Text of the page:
The NJ Department of Health’s Childhood Lead webpage includes fact sheets regarding lead and drinking water, lead in drinking water at schools and child care centers (available in English and Spanish),preventing lead poisoning, testing for lead exposure, and other resources.
The NJ Department of Environmental Protection’s Lead webpage includes FAQs about lead in drinking water, steps consumers can take to reduce exposure from lead in drinking water, and other resources. Customers can check New Jersey Drinking Water Watch, which is an online resource enabling users to view drinking water information for New Jersey water systems.
The NJ Department of Human Services, Division of Medical Assistance & Health Services, has established a Lead Poisoning Prevention Resource site to share informational materials created (in multiple languages)to explain how children ages 6 and younger get lead poisoning, how it harms a child’s health, and how to prevent it.
The Murphy Administration and the NJ Poison Control Center have established a 24/7 Health Hotline for residents with questions and concerns about the health effects of lead exposure. The phone number for the Health Hotline is 1-866-448-2432. Calls to the Health Hotline are answered 24/7 by trained medical professionals – doctors, nurses, and pharmacists. Assistance is available in 150 languages.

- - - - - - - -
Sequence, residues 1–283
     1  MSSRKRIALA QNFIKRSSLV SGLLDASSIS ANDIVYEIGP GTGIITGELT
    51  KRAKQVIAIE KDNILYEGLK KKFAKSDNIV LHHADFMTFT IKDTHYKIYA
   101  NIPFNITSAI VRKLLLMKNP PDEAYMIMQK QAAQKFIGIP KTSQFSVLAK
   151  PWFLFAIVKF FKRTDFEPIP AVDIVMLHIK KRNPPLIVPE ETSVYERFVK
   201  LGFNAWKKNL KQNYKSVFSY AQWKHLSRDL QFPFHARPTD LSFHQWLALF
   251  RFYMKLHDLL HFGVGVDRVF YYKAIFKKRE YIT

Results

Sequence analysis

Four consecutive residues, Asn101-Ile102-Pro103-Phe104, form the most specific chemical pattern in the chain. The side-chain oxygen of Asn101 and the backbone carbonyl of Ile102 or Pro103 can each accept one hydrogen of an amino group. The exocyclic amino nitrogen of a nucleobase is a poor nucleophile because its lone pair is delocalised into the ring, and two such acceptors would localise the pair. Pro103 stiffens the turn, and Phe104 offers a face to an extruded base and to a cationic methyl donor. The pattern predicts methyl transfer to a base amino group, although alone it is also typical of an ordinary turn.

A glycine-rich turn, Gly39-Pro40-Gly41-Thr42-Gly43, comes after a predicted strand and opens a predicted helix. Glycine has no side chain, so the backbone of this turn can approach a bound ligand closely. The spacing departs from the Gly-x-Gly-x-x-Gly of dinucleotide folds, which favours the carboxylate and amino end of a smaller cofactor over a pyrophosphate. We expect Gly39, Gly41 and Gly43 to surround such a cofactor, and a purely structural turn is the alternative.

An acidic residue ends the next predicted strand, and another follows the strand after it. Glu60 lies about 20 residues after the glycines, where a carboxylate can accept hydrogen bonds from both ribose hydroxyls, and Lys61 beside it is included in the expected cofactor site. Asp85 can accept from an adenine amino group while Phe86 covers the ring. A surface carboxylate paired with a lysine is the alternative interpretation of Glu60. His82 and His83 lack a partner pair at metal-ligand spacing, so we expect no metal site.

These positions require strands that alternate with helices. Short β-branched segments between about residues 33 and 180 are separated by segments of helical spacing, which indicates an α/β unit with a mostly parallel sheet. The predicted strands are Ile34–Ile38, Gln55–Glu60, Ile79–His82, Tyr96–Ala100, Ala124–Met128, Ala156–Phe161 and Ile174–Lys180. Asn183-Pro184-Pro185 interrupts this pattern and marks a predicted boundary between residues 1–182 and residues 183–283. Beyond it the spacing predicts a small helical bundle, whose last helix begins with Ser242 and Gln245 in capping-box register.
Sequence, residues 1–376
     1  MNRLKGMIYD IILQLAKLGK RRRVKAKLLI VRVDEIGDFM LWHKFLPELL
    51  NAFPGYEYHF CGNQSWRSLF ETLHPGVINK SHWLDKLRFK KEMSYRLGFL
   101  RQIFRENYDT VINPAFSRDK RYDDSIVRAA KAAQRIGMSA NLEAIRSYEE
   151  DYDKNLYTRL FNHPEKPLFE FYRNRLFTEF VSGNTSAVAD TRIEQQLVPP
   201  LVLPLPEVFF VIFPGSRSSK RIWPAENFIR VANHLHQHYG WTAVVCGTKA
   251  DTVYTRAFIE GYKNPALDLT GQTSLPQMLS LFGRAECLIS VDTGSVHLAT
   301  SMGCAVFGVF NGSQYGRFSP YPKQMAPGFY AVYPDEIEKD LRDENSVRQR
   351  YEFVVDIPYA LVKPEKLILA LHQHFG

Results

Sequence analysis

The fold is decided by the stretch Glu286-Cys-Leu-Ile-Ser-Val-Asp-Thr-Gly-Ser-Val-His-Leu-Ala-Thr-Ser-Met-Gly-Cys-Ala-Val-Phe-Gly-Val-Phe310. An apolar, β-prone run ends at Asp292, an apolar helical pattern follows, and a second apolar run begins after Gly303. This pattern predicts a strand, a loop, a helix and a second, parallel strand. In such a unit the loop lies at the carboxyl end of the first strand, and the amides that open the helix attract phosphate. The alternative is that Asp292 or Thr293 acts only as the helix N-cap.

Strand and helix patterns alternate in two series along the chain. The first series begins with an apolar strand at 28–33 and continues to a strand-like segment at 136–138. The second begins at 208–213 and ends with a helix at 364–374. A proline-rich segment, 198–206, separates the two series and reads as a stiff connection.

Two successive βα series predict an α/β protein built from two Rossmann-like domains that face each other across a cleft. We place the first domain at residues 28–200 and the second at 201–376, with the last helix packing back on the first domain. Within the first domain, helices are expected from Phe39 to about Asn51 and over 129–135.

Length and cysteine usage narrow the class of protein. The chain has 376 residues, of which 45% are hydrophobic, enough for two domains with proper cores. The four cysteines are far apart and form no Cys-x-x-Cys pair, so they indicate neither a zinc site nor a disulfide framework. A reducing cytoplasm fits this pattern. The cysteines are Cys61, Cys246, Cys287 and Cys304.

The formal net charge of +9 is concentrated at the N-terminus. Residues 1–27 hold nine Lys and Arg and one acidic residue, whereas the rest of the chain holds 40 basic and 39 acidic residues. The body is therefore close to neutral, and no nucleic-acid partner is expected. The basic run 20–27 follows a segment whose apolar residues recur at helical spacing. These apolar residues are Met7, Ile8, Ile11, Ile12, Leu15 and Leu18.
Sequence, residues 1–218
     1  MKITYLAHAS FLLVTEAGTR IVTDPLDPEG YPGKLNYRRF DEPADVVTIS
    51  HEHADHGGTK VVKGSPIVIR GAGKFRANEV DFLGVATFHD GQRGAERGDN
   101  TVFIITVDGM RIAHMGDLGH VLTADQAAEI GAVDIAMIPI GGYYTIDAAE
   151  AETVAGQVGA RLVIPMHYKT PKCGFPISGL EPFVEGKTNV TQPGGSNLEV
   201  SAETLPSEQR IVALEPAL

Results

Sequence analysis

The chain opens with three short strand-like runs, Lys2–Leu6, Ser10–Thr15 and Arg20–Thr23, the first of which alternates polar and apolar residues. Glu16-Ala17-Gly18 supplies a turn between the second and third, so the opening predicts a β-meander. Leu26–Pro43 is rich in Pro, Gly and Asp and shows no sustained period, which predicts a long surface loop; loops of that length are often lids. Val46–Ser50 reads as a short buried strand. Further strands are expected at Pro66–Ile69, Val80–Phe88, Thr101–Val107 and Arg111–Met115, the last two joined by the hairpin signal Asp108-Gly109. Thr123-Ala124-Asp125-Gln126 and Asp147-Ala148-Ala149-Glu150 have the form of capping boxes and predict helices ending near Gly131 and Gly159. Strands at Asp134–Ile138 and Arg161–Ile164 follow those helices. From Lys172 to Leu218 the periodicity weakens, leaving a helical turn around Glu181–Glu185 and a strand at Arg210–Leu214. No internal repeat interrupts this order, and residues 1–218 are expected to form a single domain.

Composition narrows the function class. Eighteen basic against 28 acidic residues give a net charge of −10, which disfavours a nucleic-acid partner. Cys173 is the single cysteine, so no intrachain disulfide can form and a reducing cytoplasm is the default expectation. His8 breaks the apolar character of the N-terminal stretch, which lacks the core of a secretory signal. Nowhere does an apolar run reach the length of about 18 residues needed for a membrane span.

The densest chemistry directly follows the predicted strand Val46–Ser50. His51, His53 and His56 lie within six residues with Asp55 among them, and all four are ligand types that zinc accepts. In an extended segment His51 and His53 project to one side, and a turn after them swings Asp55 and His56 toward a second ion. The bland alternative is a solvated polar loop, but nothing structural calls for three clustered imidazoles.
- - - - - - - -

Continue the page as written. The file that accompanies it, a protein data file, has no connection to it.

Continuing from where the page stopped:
The Department of Health has renewed its #kNOwLEAD public education campaign to increase awareness of all lead hazards including lead-based paint in homes built before 1978, leaded pipes and imported goods such as certain spices, ceramic pottery, and some herbal remedies and folk medicine. #kNOwLEAD educational posters are available in English, Spanish, and Hindi.
The U.S. Department of Agriculture, Division of Food and Nutrition Services, provides fact sheets and other helpful information regarding Water Availability in the Child and Adult Care Food Program, Federal Nutrition Programs: Reducing the Impact of Lead Exposure, and Resources for Making Potable Water Available in Schools and Child Care Facilities.
Concerned families can also focus on giving their children healthy foods – with calcium, iron, and Vitamin C – that may prevent lead from being absorbed into the body. Milk, yogurt, cheese, and leafy vegetables like spinach offer calcium. Lean meats, beans, peanut butter, and cereals provide iron. Oranges, green, and red peppers are a good source of Vitamin C, as well as juices with Vitamin C, such as orange, tomato, and grapefruit. For information regarding nutrition assistance services available for low-income families, pregnant women, infants and children under five years old, and others who may be eligible, please see The New Jersey Supplemental Nutrition Program for Women Infants and Children and New Jersey’s Supplemental Nutrition Assistance Program.
The NJ Department of Human Services encourages anyone who is feeling stressed or anxious to call New Jersey Mental Health Cares at (877) 294-HELP (4357). A TTY line is available for the deaf and hearing impaired at (877) 294-4356.
The NJ Department of Human Services encourages anyone whose child needs health insurance coverage to visit NJFamilyCare to learn if you are eligible for free or reduced cost coverage through Medicaid or the Children’s Health Insurance Program.